Academic journal article Journal of Prenatal & Perinatal Psychology & Health

What Your Doctor May Not Tell You about Circumcision

Academic journal article Journal of Prenatal & Perinatal Psychology & Health

What Your Doctor May Not Tell You about Circumcision

Article excerpt

What Your Doctor May Not Tell You About Circumcision. (2002). New York: Warner Books. 299 pages. ISBN 0-446-67880-5

Several decades ago, Sheila Curran, R.N., and I founded the National Organization of Circumcision Information Resource Centers (NOCIRC), of which I am currently the director. In our efforts to educate the public on the facts about circumcision, I learned early on several important lessons: first, generally speaking, no one wants to hear bad news; second, no parent wants to be told that he or she has done something wrong to their child; third, no circumcised adult male wants to be told that the size and sensitivity of his penis has been diminished by genital alteration. The overwhelming conclusion of the scientifically valid and unbiased medical literature investigating the effects of circumcision, however, clearly demonstrates that circumcision is a harmful practice that should be stopped.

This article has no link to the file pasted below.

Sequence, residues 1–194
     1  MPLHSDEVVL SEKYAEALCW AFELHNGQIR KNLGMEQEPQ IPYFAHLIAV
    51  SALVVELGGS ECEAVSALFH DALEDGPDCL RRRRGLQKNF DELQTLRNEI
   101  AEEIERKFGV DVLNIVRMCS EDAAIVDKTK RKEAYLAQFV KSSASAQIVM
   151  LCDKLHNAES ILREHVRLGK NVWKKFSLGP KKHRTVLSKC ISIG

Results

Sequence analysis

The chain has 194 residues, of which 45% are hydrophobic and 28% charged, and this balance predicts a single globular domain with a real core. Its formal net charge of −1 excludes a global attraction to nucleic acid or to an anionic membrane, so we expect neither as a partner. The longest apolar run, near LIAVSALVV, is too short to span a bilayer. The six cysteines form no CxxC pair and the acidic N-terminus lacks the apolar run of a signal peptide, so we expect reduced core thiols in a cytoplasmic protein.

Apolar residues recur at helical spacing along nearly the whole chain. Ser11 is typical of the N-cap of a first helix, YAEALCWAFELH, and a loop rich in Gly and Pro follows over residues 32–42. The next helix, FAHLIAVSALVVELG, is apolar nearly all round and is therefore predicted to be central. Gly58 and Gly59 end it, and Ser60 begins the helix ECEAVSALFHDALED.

Finding the best way to present information to parents without frightening them into psychological denial has always been challenging. Since the goal is to protect babies from harm, it is imperative that we discover new ways to encourage parents to become advocates for their children, even if it requires them to examine critically and to question underlying myths that induce decent people to permit indecent procedures to be performed upon their precious and helpless infants.

Renowned Los Angeles pediatrician Paul M. Fleiss and medical historian Frederick M. Hodges have teamed up to write a book that I believe achieves exactly the right tone for presenting parents with facts needed to protect babies from circumcision. Impressively organized and lavishly supported by references from the scientific literature, Fleiss and Hodges guide the reader through the historical, religious, anatomical, physiological, medical, surgical, psychological, legal, ethical, and moral dimensions of circumcision.

Of special interest to readers of this journal, Fleiss and Hodges discuss the vast scientific literature on immediate and long-term psychological effects of neonatal circumcision, which is as thorough and concise as it is persuasive. Study after study has shown that circumcision is a devastating and traumatic experience for babies. The physical and neurological shock turns out to be far more severe than we have been led to believe. In addition to interfering with maternal/infant bonding and destroying normal sleep cycles, the trauma of circumcision causes some babies to lapse into a coma. …

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